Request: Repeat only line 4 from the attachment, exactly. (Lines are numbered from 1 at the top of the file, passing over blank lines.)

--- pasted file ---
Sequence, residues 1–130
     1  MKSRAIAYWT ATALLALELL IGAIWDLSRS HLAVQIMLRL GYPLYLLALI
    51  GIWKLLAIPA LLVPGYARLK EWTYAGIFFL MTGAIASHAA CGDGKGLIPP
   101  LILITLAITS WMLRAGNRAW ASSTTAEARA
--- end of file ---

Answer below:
   101  LILITLAITS WMLRAGNRAW ASSTTAEARA